Recent studies reveal that hummingbirds' songs are more variable and complex than previously realized. The Wedge-tailed Sabrewing (Campylopterus curvipennis) forms leks composed of small adjacent territories defended individually from intruders. When females visit these territories, males emit long songs composed of structurally complex syllables. Their elaborate acoustic signals are intriguing because most species of lekking hummingbirds studied in detail have relatively simple and stereotyped songs. Here we report song variation among territorial males at one lek over 4 years. Despite variation in syllable composition, cluster analyses classified songs of territorial males into three groups (“song neighborhoods”), and the pattern of clustering was consistent over time. Song neighborhoods were also clustered spatially. The syllabic composition of songs from members of a given neighborhood was relatively constant from year to year, suggesting site and territory fidelity, and introductory syllables were emitted consistently as the signature of a group. Our findings demonstrate the existence (and persistence) of song neighborhoods in a lekking hummingbird. This spatial structure might result from reduced competition among males to occupy a territory for singing, kinship between members of a neighborhood, and/or as a consequence of sexual selection. Therefore, documentation of song neighborhoods should be considered more often in future studies of song variation in hummingbirds that breed in leks.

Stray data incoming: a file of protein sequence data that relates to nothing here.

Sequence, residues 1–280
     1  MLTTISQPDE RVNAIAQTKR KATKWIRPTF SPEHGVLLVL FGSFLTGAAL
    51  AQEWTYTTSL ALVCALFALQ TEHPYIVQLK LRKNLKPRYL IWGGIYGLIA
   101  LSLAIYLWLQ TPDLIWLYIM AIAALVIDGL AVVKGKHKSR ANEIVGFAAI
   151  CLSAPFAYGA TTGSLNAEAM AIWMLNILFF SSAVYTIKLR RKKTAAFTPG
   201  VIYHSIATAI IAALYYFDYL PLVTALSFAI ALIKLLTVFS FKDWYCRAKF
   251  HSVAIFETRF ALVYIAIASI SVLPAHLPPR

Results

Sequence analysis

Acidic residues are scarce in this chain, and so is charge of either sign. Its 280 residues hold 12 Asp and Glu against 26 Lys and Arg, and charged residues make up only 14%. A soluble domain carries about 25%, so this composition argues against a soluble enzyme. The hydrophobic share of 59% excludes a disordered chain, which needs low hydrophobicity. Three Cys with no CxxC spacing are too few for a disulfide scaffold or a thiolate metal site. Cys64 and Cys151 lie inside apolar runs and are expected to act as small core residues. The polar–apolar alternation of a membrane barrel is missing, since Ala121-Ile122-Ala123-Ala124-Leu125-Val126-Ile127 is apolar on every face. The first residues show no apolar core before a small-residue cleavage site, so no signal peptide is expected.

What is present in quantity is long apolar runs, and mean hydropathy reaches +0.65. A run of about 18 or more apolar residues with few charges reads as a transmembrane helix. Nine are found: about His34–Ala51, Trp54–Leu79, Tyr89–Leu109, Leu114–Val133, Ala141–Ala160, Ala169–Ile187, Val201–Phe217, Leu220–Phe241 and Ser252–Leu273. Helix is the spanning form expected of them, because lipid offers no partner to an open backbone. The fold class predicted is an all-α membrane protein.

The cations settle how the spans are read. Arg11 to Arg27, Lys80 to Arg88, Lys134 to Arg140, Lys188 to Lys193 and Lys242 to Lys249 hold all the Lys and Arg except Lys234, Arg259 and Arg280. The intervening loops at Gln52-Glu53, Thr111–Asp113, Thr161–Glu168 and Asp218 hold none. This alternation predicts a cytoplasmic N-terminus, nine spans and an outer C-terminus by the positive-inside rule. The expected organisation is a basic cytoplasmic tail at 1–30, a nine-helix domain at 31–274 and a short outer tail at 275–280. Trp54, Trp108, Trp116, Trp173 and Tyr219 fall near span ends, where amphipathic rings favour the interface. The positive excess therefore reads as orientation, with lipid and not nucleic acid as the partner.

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Vol. 111 • No. 4